Atlanta’s food scene is popping with chefs gaining national recognition for their craft and a renewed interest in Southern cuisine, though the restaurant you should seek out most right now is Aviva by Kameel, which has likely been under your nose for years. There are two types of Atlantans: those that love Aviva by Kameel, and those who haven’t been yet. Thanks to the Mediterranean restaurant’s location in the bustling Peachtree Center, it’s not a destination on most Atlantans’ radars. But it should be.

Aviva is located in Peachtree Center—a microcosm of Atlanta. At 2.3 million square feet with six office buildings, three hotels, and a MARTA station that feeds directly into the complex, to call the Peachtree Center food court busy is an understatement. With options like Checkers and Willy’s, it’s not exactly a foodie haven and the decor is a drab throwback to the ’90s (though they are renovating). The surrounds make Aviva standout all the more with its bright green walls and minimal, clean aesthetic. Your nose will prickle at the aroma of the chicken shawarma grilled with cumin and turmeric, and it’s hard to miss the line of people busting into the hallway as they patiently wait to place their order. It’s not unusual to be greeted by a man clad in a white chef’s uniform as he exclaims, “Hello, gorgeous! Have I told you I love you?” and places a piece of still warm baklava in your hand. That man is the man, and the reason that so many people flock to Aviva: Kameel Srouji.  

Photo courtesy of Lia Picard

Srouji’s Mediterranean food isn’t your usual food court fare. It’s made from scratch with American-grown produce, organic (when possible) meats, and minimal ingredients. “One of the things we do at Aviva is cook for the soul. Everything is cooked with extra virgin olive oil. We don’t touch pork, we don’t touch any butter or white sugar. That’s why we moved the Coke machine out, because of the corn syrup,” Srouji explains. It’s easy to buy into his ethos when you bite through the crisp outer layer of his falafel and appreciate the freshness of the chickpea fritter made that morning with soaked garbanzos, parsley, and sesame seeds—the latter, according to Srouji, add a boost of minerals like manganese.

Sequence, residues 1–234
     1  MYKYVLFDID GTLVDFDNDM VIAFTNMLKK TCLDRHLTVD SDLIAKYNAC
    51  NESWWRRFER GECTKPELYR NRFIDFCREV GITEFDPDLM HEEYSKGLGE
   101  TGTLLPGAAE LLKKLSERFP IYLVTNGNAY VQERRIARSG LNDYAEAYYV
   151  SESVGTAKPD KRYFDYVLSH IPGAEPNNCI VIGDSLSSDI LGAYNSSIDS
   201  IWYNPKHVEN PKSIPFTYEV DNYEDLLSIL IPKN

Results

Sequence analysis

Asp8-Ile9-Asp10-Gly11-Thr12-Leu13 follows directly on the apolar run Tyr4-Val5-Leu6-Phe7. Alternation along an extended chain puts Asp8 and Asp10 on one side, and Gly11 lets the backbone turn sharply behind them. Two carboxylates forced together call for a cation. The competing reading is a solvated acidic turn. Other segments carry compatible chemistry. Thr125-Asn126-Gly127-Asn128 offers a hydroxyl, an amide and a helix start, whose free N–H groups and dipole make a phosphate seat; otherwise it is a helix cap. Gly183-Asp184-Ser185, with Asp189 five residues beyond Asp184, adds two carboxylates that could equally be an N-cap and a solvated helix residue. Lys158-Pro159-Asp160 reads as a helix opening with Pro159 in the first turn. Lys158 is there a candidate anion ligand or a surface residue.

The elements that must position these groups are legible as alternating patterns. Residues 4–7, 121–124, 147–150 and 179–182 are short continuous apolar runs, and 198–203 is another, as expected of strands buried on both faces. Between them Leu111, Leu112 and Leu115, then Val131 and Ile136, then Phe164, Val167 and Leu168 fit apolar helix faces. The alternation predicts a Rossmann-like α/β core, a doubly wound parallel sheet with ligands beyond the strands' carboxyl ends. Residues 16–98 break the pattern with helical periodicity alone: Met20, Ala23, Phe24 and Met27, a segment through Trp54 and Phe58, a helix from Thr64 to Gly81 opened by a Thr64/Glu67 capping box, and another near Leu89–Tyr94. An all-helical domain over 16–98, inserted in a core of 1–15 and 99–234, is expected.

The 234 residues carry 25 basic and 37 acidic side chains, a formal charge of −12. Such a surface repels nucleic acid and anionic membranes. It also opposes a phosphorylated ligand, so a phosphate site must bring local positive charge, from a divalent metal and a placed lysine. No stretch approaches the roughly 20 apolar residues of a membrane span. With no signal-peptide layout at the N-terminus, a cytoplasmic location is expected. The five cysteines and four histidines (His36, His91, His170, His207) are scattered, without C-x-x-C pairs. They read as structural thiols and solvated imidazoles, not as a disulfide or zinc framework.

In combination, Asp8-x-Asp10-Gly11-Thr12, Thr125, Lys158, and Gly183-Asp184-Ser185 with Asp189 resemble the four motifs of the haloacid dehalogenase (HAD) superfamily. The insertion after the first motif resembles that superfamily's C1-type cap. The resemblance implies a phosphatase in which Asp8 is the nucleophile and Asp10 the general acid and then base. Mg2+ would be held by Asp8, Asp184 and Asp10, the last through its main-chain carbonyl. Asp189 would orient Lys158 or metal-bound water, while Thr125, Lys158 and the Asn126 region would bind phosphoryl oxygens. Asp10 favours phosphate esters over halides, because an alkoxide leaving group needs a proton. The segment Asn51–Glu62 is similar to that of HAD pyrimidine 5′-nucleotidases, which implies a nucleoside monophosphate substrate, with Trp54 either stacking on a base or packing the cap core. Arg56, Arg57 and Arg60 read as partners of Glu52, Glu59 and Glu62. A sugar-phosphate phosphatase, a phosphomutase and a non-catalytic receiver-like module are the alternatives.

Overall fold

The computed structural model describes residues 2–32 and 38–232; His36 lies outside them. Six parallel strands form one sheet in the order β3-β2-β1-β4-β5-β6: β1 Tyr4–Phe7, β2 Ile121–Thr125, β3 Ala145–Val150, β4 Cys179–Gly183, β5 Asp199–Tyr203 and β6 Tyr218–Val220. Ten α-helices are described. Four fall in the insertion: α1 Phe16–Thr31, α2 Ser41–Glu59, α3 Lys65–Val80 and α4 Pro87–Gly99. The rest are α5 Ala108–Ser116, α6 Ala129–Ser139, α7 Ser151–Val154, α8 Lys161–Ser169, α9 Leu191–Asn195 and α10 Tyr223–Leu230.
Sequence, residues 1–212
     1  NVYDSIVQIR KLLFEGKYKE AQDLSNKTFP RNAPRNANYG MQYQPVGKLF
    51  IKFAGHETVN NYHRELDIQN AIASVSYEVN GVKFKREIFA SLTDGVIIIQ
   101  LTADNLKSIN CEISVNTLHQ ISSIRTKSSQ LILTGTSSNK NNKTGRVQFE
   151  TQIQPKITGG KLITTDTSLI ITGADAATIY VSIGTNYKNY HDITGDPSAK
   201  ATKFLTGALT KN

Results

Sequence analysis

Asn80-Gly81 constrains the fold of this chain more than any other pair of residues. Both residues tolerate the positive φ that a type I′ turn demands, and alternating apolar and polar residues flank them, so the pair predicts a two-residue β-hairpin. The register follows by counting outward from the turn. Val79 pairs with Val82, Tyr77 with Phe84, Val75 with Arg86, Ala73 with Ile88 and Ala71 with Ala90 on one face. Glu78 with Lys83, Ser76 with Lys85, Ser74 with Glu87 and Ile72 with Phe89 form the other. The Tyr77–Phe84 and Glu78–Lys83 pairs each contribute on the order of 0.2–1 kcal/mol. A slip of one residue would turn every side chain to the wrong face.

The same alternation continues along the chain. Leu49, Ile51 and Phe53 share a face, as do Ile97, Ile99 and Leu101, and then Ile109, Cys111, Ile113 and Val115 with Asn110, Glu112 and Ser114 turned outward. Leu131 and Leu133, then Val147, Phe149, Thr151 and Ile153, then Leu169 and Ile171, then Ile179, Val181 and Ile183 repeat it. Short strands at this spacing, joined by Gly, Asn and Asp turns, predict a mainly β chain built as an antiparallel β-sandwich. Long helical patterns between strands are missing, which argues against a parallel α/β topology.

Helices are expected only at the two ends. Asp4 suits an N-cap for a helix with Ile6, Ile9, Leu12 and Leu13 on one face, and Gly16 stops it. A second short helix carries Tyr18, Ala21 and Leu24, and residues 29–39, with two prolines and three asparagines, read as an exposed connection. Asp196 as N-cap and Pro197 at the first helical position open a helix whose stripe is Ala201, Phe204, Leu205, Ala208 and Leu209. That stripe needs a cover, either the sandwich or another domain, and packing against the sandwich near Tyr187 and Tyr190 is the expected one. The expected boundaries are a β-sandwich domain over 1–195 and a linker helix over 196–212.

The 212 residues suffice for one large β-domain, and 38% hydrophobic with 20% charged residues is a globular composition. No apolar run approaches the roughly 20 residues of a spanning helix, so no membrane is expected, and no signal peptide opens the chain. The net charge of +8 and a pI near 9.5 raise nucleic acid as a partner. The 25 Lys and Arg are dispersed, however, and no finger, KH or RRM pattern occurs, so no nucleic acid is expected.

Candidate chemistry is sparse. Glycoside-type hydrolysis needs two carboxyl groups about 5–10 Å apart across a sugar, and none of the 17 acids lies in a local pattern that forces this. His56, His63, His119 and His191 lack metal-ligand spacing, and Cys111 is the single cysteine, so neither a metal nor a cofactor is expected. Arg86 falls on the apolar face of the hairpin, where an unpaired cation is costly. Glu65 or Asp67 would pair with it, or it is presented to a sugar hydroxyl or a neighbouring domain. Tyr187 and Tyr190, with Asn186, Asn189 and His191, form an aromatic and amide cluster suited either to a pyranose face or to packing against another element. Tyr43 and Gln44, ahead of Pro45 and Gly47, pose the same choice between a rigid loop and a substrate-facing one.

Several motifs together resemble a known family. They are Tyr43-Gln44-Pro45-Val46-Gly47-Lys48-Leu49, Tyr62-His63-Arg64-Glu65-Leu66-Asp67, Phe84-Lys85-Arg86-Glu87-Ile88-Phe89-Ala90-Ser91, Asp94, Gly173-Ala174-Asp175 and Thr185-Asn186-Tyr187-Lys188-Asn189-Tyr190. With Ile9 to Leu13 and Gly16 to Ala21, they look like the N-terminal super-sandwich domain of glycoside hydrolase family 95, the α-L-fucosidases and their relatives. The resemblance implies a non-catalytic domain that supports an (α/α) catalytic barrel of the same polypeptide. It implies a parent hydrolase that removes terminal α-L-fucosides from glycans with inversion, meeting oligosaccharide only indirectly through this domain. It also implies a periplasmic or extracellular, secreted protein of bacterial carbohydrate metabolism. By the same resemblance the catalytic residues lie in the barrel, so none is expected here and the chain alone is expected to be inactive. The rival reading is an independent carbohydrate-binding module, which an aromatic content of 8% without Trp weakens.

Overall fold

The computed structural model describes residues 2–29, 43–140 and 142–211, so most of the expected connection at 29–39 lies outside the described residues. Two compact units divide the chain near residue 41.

When he arrived at the United States in the ‘80s, it was a rude awakening. He recalls one of his first American dining experiences saying, “When I first came to America, my cousins in New York welcomed me and wanted to treat me to something extremely nice…so they took me to Kentucky Fried Chicken. I took a bite of the mashed potatoes and it was the worst thing I’ve ever tasted in my whole life.” To him, the goopy stuff tasted more like plastic and at that moment he declared, “Guys, I’m going to change the way people eat in America.” And while he hasn’t changed Americans’ lust for grease bombs, at least he knows that at Aviva, people have a respite from typical processed food.

Aviva By Kameel

Simply prepared, fresh Mediterranean food was part of his soul since birth. He grew up in Israel watching his mother cook and at age 14 it crystallized for him—he knew wanted to be a chef. “Everyone’s mom is ‘the best’, but with my mom you could tell she put her heart into it. She wouldn’t skimp on anything nutritionally, using the healthiest, freshest ingredients available.” He came to Atlanta on a soccer scholarship for Georgia State University but turned to the restaurant industry when he realized he couldn’t get by on the scholarship alone. The restaurants he worked at are long gone, but within a year of working his way through the kitchens, he was able to save enough to open his own deli in the Virginia-Highland neighborhood. He supplied soup to a restaurant in the Colony Square food court and after management heard that the soup sold out every day, they recruited him to open his own restaurant in Colony Square and Peachtree Center. He left Peachtree Center, only to come back in 2012 when he fell in love with the space he has now.

Aviva is a family affair. His wife is the bookkeeper and his son, Nas, is the business manager.

The name itself is eponymous of his sister. He has three other sisters, but he says “Aviva is my girl.”

Aviva by Kameel doesn’t produce avant garde cuisine, and that’s probably part of why it’s so popular. It’s just fresh, delicious food served by the anti-Soup Nazi. Why do people bypass restaurants and stalls with no waits just to get in a long line? “That’s why I call it food from the gods,” says Kameel, “We’ve established a trust with our customers, so they know they’re getting the freshest and healthiest.”

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